Gold Futures Settle Slightly Higher
Gold prices edged up marginally on Thursday, extending previous session’s gains, after the dollar stayed somewhat subdued against most major currencies amid speculation there would be a pause in U.S. interest rate hikes in the coming year.
The Federal Reserve Chair Jerome Powell’s comments on Wednesday that interest rates were currently “just below the broad range of estimates of the level that would be neutral for the economy,” seem to suggest that the Fed’s tightening cycle is drawing to a close. However, a 25 basis points high in rate next month, looks imminent.
Gold futures for February ended up $0.60, or 0.05%, at $1,230.40 an ounce. On Wednesday, gold futures ended up $9.90, or 0.8%, at $1,229.80 an ounce.
Gold futures for March settled at $1,230.40 an ounce.
Silver futures for March ended down 0.6% at $14.37 an ounce, while Copper futures for March ended down 1% at $2.785 per pound.
Gold futures fell slightly after the Federal Reserve released the minutes of its November meeting. The minutes indicate a hike in December but showed officials laying stress on a flexible approach to rate increases in 2019 and that they wanted to remove ‘further gradual increases’ in interest rates from statement.
The focus is now on the upcoming G20 meeting in Argentina. U.S. President Donald Trump is set to meet with Chinese President Xi Jinping on the sidelines of the summit. Although a substantive breakthrough is unlikely, it is hoped that the two sides will agree on a communique for a de-escalation of trade tensions.
In U.S. economic news, a report from the National Association of Realtors showed a substantial decrease in pending home sales in the month of October. NAR said its pending home sales index plunged by 2.6% to 102.1 in October after climbing by 0.7% to an upwardly revised 104.8 in September. With the steep drop, the index fell to its lowest level since mid-2014.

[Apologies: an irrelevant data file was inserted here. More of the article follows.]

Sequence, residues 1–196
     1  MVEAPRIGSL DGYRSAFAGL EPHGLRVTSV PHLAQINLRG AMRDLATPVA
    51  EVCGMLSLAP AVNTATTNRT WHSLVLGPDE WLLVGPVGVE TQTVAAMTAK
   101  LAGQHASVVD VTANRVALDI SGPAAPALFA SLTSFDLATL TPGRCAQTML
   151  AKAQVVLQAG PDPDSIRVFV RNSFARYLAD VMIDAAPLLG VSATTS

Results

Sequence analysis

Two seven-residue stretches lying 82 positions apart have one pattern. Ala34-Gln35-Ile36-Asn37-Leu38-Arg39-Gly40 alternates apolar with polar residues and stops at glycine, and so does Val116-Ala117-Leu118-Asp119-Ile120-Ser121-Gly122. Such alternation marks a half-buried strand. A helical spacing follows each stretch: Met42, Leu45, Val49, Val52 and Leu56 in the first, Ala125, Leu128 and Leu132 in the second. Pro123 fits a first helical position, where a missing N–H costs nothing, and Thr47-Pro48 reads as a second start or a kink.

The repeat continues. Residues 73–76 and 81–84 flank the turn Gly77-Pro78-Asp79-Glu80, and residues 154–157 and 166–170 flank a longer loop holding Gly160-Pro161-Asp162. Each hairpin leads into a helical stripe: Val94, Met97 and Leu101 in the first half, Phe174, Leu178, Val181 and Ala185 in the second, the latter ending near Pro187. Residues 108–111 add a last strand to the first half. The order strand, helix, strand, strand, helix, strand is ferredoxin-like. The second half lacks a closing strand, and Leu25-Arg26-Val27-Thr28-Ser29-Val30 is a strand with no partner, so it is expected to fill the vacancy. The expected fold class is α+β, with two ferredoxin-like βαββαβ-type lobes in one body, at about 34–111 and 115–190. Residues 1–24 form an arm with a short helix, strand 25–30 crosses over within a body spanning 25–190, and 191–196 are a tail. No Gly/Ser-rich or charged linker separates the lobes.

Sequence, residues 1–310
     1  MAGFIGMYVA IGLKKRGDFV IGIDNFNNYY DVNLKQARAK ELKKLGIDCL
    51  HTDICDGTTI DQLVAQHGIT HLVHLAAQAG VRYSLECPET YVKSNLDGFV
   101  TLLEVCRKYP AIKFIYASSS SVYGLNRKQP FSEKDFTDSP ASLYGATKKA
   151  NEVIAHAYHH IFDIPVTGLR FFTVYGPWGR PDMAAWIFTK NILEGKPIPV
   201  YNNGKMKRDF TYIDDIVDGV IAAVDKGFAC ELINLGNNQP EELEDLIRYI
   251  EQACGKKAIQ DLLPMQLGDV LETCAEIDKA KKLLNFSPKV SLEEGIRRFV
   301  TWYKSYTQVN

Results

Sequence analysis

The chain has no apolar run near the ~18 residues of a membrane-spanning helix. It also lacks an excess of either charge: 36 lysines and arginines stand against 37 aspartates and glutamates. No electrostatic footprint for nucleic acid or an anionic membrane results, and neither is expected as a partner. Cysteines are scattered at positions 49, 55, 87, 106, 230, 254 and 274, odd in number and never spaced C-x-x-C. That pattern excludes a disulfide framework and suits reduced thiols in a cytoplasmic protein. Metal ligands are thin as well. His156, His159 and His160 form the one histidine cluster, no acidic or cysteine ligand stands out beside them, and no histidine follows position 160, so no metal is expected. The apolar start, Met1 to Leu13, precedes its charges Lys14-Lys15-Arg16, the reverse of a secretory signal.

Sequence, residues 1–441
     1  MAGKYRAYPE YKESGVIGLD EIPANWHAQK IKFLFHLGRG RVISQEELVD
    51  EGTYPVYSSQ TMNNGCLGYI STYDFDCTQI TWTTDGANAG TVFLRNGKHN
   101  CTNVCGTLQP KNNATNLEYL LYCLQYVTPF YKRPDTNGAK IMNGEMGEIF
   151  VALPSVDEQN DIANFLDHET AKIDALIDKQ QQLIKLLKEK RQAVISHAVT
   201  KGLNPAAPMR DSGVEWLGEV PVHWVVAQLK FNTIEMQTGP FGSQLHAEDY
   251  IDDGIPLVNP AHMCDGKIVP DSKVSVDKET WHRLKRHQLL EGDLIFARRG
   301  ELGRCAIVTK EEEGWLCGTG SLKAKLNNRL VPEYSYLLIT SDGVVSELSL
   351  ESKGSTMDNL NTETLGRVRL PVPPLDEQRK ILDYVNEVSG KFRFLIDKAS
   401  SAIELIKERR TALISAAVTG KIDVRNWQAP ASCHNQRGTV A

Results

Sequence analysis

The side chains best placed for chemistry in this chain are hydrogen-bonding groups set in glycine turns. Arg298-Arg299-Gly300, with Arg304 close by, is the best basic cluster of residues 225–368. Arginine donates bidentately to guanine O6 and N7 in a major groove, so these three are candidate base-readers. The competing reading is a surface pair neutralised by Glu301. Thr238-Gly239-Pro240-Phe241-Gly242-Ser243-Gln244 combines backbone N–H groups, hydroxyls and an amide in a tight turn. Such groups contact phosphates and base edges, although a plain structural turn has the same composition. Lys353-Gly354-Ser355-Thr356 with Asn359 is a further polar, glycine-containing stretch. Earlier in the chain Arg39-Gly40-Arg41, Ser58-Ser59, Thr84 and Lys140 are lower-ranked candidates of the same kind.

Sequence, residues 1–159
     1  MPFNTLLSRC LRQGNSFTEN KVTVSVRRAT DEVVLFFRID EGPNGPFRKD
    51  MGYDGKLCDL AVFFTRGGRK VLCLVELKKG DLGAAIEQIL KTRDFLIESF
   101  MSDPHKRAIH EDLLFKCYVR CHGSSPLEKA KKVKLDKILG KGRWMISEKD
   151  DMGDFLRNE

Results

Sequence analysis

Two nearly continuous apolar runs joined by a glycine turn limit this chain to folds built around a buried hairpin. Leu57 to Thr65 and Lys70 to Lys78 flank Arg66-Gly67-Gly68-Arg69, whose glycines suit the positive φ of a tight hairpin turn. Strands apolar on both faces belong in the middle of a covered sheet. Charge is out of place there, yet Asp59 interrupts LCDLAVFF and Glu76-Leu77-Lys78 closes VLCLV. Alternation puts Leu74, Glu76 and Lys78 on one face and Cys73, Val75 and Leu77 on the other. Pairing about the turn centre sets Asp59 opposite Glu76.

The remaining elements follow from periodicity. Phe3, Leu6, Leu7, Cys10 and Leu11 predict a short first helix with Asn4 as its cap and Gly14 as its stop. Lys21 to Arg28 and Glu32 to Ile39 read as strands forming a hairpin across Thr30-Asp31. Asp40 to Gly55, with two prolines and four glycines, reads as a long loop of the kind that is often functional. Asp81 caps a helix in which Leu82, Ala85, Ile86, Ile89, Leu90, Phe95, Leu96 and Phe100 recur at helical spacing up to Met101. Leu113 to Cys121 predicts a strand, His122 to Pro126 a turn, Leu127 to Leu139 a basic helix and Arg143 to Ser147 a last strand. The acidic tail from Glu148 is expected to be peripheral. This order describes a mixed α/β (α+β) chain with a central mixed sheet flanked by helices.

The sharp pullback surprised economists, who had expected pending home sales to rise by 0.5%, matching the increase originally reported for the previous month.
The Labor Department also released a report showing initial jobless claims unexpectedly rose to a six-month high in the week ended November 24th. The report said initial jobless claims climbed to 234,000, an increase of 10,000 from the previous week’s unrevised level of 224,000. Economists had expected jobless claims to edge down to 220,000.
With another unexpected increase, jobless claims reached their highest level since hitting a matching figure in the week ended May 19th.
Meanwhile, a separate report from the Commerce Department showed personal income and spending both increased by more than anticipated in the month of October. The report said personal income climbed by 0.5% in October after edging up by 0.2% in September , while personal spending advanced by 0.6% in October after rising by 0.2% a month earlier.
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